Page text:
Insecticides, Blue Jays, eggshells
Answers to readers' questions about pesticides and hummingbirds, paint-eating jays, and offering eggshells
Published: April 20, 2012
If I treat honeysuckle vines with a systemic insecticide to get rid of aphids, will it harm the hummingbirds that feed on the flowers? — Pat Crandall, Inchelium, Washington
Systemic insecticides are present in all parts of plants that were treated with them, including the pollen and nectar. One of the most common systemic insecticides on the market today has been found to pose significant risk to bees, indicating it may be a threat to other pollinators as well.
Aphids have multiple generations each growing season. Some people apply insecticides frequently in an attempt to control them, but the effort is not particularly effective, nor is it necessary. Aphids rarely kill honeysuckle vines, although they can be unsightly. The best way to control them in your garden is to hose them off plants with a hard stream of water. Or you can put a few drops of dish soap in a spray bottle of water and apply directly to the aphids.
I cannot emphasize enough that people who care about environmental health should not use pesticides or lawn chemicals. In the United States, pesticides are allowed to be sold based on risk-benefit analyses of their active ingredients. This does not mean they are non-toxic; pesticides by definition are poison. Further, the products include additional ingredients, and consumers often use them in combination with other lawn-care or pest-control formulations. We know little about how this toxic soup affects environmental and human health.
When you plant a diversity of native species and eliminate chemicals, you create habitat that is used by a wide range of beneficial organisms. You’ll have fewer pests and attract more birds, and all will be much healthier for it.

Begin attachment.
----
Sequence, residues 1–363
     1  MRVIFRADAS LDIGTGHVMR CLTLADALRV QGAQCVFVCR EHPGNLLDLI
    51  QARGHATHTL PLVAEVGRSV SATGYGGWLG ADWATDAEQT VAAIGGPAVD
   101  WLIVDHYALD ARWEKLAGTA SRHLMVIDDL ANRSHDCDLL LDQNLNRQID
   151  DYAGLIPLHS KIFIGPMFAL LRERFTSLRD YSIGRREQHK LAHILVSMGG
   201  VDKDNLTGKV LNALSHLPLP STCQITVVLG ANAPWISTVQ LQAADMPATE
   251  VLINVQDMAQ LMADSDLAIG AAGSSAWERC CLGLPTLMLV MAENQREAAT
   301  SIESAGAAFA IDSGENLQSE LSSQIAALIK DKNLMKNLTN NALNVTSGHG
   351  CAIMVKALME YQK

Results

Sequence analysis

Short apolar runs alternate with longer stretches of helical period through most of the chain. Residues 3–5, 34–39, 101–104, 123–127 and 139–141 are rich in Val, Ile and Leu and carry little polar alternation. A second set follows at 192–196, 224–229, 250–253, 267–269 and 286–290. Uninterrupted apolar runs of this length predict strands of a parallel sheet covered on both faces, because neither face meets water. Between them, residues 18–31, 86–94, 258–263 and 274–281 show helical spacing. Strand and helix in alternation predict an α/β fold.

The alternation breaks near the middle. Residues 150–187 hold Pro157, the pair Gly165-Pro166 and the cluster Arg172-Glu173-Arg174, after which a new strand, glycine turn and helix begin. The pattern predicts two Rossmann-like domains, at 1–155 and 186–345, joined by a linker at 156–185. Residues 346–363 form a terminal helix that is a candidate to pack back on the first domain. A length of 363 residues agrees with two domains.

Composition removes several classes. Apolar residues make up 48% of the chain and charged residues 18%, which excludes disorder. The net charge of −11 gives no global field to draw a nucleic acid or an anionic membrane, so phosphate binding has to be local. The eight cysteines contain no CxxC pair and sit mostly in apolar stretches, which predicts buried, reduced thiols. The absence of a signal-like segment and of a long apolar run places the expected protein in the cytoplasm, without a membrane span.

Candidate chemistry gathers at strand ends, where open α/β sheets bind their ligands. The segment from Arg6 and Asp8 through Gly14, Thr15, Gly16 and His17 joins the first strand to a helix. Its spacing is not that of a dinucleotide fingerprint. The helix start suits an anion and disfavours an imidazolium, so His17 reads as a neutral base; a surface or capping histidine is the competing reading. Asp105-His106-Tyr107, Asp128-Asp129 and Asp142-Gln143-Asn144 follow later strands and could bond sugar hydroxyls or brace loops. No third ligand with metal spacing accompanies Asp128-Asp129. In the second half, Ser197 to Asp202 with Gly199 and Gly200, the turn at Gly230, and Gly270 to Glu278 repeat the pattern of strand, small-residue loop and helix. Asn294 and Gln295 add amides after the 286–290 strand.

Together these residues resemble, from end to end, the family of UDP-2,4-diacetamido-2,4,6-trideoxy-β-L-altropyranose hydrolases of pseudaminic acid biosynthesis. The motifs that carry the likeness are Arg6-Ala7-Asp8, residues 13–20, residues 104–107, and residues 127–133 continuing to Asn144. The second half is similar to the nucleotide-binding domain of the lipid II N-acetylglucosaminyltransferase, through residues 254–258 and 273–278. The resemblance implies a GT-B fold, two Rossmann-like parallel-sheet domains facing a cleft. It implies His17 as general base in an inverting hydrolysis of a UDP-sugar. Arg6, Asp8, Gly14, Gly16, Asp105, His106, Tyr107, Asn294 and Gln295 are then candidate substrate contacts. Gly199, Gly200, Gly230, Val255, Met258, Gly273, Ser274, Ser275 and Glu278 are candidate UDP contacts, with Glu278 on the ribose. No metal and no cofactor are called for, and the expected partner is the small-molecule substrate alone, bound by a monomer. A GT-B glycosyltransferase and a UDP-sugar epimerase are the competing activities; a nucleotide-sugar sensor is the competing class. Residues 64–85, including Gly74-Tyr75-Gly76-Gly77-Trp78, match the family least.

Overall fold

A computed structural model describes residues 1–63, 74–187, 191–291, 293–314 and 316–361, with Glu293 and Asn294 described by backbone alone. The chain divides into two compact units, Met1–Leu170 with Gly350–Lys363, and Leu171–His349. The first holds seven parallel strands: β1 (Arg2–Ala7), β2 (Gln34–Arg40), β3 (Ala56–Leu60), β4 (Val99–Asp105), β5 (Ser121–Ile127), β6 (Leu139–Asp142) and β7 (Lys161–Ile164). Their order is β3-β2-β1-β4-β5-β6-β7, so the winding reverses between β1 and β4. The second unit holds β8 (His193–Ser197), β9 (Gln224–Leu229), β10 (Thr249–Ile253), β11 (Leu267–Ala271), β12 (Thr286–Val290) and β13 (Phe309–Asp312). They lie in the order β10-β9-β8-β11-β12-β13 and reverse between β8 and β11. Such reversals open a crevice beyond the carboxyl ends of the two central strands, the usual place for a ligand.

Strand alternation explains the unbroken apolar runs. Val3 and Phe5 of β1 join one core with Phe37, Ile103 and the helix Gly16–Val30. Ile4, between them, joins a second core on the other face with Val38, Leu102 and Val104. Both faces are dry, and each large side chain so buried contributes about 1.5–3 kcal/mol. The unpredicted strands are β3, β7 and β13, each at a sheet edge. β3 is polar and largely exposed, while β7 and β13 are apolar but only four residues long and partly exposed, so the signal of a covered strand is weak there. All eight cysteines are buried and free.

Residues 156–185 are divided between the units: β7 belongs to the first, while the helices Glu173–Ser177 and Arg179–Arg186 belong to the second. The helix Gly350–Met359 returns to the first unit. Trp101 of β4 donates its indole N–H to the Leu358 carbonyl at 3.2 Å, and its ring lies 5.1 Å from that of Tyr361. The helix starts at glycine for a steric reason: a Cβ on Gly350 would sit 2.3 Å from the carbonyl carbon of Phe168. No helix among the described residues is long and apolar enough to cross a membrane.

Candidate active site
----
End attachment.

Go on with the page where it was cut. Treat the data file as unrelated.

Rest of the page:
How do I keep Blue Jays away from my home? They are taking the paint off the house. — Dave Vale, via the BirdWatchingDaily.com forum
The Blue Jays are eating the paint for its calcium, in the form of calcium carbonate, which is used in many paint formulas as a pigment extender. Birds often seek out supplemental calcium during the breeding season to help with eggshell formation and to feed chicks while their bones are developing.
Songbirds can’t store calcium in their bodies, so they obtain it from the environment, often from snail shells, grit, or arthropods whose exoskeletons contain calcium.
For reasons not completely understood, Blue Jays seem to require a lot of calcium all year. They eat paint off houses to satisfy their demand.
Jays are especially likely to eat house paint in areas that experience acid rain. The rain reduces calcium in soil, so it is not available in sufficient amounts to arthropods or snails, the birds’ natural sources of calcium.
When a lack of soil calcium causes prey numbers to fall, the birds look elsewhere.
You can deter the jays from eating paint by offering eggshells. I explain how in the answer below.
How do I provide eggshells to birds? — Leah Hladkyj, Toronto, Ontario
Eggshells can be an excellent source of calcium for birds. This is especially important for female birds in the nesting season, but as I explained above, some birds need higher amounts of calcium year-round.
Because eggshells from your kitchen can be contaminated with salmonella bacteria, they need to be sterilized before you put them out for birds.
Here are two ways to sterilize eggshells:
• Place them in boiling water for 10 minutes.
• Or rinse them, place them on a baking sheet, and heat them in an oven for 20 minutes at 250°F. Don’t let them brown.
I don’t recommend sterilizing eggshells in a microwave.
After boiling or heating, let the shells cool and dry, crush them into thumbnail-size pieces or smaller, and place them outside in shallow bowls, a raised platform feeder, or on open ground, where they are visible to birds.
You can prepare eggshells ahead of time, and store them in a bag or container for later use.